Life in prison for burning 5 people to death
Binesh Prasad, 34, has been sentenced to life in jail for setting fire to a house which killed five people.
The victims included Prasad’s wife Uleshni Lata, his 10-year-old daughter Prisika Devi, and his father-in-law Jei Narayan. Imrad Ali and his wife Faria Ali were tenants and also killed in the fire.
Jotishma Neelam, a tenant, was burnt but survived the incident. A taxi parked at the residence was destroyed in the fire.
Prasad, who was a taxi driver, married Lata in 2004 and stayed at the house in Navosai Road, Narere owned by his mother-in-law, Hans Wati. The house was divided into three flats.
High Court Judge Justice Salesi Temo said disagreements between Prasad and his wife reached a stage where a Domestic Violence Restraining Order was issued against Prasad, which prevented him from staying with or contacting his wife and daughter.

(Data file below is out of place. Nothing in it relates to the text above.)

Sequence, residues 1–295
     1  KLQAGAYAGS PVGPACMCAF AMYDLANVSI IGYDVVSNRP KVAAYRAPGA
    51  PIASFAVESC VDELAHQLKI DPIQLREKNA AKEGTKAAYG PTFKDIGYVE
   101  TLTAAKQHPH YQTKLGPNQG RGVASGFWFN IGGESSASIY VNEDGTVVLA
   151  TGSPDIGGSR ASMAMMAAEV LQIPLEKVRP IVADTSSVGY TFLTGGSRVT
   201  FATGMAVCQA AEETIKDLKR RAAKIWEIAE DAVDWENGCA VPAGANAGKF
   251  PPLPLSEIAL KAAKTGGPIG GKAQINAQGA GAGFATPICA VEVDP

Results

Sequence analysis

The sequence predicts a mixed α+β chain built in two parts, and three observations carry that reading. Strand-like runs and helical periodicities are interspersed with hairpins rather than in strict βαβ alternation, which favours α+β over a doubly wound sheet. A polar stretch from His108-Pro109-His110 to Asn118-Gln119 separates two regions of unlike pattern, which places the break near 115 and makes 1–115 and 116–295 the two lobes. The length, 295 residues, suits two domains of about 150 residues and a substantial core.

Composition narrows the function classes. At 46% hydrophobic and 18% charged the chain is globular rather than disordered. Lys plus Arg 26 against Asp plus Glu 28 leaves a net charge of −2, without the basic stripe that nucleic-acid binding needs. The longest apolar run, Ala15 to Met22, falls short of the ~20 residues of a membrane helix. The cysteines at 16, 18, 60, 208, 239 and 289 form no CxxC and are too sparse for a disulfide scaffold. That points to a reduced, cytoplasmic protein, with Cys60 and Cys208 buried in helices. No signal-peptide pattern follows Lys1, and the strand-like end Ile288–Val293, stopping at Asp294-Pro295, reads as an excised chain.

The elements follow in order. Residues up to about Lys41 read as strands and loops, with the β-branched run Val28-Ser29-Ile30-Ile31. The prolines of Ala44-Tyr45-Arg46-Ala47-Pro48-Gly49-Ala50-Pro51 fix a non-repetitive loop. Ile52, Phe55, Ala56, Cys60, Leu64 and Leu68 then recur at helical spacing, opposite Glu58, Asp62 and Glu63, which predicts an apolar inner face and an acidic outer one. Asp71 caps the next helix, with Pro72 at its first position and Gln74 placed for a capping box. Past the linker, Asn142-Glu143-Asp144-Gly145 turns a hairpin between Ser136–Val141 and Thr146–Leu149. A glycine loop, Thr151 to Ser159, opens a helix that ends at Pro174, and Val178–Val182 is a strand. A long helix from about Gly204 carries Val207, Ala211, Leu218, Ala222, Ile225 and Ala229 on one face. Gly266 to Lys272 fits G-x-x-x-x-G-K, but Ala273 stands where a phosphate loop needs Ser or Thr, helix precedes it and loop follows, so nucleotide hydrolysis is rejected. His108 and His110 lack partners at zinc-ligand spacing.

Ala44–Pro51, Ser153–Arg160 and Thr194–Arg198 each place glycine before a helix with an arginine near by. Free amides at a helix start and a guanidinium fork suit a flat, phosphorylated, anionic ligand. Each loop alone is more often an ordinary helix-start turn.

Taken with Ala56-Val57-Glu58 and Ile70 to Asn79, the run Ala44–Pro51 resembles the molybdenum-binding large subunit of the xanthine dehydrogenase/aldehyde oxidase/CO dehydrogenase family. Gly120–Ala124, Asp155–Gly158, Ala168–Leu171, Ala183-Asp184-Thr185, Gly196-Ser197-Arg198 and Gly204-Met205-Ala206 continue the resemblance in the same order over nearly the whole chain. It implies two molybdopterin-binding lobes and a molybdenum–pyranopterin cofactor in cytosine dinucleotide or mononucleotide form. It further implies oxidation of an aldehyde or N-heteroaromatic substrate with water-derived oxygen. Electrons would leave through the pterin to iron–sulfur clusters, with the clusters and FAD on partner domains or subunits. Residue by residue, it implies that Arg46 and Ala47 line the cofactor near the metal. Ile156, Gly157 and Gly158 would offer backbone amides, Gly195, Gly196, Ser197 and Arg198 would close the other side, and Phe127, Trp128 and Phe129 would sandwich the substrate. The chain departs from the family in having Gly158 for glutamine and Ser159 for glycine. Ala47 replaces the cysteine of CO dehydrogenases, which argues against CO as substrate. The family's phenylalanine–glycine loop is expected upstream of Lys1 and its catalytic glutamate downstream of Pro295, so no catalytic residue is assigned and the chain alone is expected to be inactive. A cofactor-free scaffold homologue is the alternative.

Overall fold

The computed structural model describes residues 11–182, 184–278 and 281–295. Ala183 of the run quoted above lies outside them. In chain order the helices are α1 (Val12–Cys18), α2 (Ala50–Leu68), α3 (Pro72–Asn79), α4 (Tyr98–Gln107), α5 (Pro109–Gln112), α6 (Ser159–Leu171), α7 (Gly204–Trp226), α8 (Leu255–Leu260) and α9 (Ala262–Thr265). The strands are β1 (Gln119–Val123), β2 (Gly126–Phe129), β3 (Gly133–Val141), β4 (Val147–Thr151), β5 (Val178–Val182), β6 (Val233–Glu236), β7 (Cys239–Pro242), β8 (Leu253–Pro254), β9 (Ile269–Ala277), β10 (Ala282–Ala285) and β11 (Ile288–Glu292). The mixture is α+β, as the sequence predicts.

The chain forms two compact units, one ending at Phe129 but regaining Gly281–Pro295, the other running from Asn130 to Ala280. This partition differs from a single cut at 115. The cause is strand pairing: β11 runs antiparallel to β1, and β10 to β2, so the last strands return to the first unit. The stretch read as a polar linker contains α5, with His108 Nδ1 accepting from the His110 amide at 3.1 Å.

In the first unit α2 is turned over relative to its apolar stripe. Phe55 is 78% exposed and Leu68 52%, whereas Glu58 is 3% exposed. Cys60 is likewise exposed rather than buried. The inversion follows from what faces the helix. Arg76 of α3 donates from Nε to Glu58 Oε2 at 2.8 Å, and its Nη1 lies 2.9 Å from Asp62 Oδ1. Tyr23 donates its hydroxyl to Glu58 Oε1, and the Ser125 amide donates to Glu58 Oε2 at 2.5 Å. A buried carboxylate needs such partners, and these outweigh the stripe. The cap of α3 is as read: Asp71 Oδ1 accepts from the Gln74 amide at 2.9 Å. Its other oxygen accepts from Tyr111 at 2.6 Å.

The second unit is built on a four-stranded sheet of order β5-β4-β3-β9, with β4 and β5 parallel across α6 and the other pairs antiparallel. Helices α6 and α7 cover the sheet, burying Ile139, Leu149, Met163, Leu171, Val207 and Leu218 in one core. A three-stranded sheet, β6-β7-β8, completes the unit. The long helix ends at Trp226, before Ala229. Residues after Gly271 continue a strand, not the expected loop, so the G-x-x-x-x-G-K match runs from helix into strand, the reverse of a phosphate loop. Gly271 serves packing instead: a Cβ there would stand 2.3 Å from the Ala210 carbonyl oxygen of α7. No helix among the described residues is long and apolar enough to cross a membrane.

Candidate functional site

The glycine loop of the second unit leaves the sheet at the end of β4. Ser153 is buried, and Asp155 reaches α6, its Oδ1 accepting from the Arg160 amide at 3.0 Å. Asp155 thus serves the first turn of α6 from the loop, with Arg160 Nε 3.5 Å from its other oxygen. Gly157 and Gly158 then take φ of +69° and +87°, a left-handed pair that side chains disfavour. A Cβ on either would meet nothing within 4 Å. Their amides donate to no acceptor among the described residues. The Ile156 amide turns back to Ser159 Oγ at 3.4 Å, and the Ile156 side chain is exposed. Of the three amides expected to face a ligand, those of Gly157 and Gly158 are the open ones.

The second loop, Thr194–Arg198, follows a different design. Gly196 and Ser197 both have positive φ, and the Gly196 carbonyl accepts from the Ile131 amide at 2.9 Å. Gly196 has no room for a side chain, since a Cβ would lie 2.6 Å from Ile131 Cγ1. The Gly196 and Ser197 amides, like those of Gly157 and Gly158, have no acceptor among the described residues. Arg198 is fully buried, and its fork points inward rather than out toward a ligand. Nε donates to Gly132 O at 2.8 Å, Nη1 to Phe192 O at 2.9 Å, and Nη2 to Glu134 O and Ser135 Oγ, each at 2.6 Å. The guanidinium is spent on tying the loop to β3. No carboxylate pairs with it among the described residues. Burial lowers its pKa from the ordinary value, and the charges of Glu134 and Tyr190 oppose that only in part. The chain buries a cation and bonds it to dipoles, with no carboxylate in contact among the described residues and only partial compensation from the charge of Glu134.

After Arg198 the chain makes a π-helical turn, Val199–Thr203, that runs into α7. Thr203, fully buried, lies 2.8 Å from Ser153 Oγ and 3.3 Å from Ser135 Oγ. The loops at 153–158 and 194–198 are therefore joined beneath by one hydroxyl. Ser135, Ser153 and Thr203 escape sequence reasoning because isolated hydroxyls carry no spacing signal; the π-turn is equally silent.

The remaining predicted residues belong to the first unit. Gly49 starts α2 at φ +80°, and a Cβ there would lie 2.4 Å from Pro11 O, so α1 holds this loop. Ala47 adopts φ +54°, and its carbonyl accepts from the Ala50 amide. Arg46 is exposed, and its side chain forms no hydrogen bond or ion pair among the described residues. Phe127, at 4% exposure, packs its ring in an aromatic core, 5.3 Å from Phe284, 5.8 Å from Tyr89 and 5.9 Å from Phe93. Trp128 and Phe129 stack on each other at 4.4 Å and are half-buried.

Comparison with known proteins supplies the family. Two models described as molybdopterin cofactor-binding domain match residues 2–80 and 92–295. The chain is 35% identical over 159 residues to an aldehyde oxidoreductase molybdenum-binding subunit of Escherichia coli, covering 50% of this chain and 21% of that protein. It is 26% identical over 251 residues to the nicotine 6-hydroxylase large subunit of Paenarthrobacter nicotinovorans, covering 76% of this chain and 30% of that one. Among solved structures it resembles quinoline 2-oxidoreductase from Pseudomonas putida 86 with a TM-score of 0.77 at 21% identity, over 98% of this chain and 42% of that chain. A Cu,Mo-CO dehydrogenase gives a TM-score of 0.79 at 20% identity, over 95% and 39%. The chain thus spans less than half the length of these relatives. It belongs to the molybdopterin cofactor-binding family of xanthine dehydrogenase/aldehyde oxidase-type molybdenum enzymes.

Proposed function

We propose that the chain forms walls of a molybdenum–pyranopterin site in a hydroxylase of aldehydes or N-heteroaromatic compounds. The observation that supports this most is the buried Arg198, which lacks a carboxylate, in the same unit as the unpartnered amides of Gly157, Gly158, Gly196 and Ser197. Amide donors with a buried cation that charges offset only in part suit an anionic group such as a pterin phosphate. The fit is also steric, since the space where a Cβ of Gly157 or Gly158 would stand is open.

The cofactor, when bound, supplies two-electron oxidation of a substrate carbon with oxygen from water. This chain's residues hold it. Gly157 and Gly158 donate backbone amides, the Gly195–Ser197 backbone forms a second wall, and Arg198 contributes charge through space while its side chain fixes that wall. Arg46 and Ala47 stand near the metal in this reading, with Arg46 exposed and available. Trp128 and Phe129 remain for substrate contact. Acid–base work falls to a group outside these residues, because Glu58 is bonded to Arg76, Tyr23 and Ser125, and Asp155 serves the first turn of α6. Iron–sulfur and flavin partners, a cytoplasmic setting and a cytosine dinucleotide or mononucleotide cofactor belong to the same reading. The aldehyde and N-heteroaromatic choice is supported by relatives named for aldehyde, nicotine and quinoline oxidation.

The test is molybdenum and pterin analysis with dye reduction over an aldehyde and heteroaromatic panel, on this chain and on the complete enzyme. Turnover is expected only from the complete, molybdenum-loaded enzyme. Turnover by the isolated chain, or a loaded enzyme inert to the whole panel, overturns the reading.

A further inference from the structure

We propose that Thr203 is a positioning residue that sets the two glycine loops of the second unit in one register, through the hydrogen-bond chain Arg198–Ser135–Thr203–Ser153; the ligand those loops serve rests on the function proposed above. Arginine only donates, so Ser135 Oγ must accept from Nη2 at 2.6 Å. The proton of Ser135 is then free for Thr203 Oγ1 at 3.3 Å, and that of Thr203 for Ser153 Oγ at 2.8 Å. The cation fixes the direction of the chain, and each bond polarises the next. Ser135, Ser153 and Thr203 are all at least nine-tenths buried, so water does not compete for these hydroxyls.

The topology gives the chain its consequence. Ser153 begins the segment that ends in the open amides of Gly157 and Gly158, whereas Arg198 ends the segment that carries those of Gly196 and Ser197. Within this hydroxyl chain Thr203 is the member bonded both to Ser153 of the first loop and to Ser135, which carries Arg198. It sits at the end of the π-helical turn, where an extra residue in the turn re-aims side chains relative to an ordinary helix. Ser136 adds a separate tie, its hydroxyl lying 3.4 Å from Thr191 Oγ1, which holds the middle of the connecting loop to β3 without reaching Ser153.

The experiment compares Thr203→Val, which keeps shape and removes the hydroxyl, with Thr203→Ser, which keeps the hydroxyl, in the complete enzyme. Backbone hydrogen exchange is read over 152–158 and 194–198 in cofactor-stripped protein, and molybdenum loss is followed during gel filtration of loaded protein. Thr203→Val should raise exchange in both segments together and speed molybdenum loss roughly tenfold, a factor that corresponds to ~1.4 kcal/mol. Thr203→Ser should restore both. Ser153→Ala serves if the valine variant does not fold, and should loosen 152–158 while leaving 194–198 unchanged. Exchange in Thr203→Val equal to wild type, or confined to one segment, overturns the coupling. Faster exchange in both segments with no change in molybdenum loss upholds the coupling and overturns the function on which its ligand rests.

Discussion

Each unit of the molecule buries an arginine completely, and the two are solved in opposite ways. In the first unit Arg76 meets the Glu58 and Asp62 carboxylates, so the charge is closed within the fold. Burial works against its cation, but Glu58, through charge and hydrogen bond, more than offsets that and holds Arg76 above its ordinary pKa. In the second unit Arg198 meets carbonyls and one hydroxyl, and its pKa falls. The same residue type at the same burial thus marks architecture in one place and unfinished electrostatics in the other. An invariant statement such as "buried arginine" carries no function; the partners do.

While delivering the sentence yesterday, Justice Temo said “this made the accused upset and angry” and “was the catalyst to what occurred”.
On October 15, 2015, Prasad purchased fuel from a service station in Korovou while on his way back from Tavua. He arrived at his in-law’s house at around 11.30pm the same day. Prasad was accompanied by Mathew Gunua, who was cleared of his involvement in the case.
Justice Temo said Prasad poured fuel around the house and called his wife.
Justice Temo said Prasad’s actions were “the height of all evil”.
The judge said Prasad “should not complain about your sentence because they are to atone for your misdeeds.”
Prasad was charged with five counts of murder, one count of arson, one count of attempted murder, and 1 count of damaging property.
He pleaded guilty to all charges on January 31 this year and was sentenced to life imprisonment on each of the murder charges, ten years on the arson charge, life imprisonment for attempted murder, and one year for damaging property.
All sentences will be served concurrently, and Prasad will spend 28 years before a pardon may be considered by the President. He has 30 days to appeal to the Court of Appeal.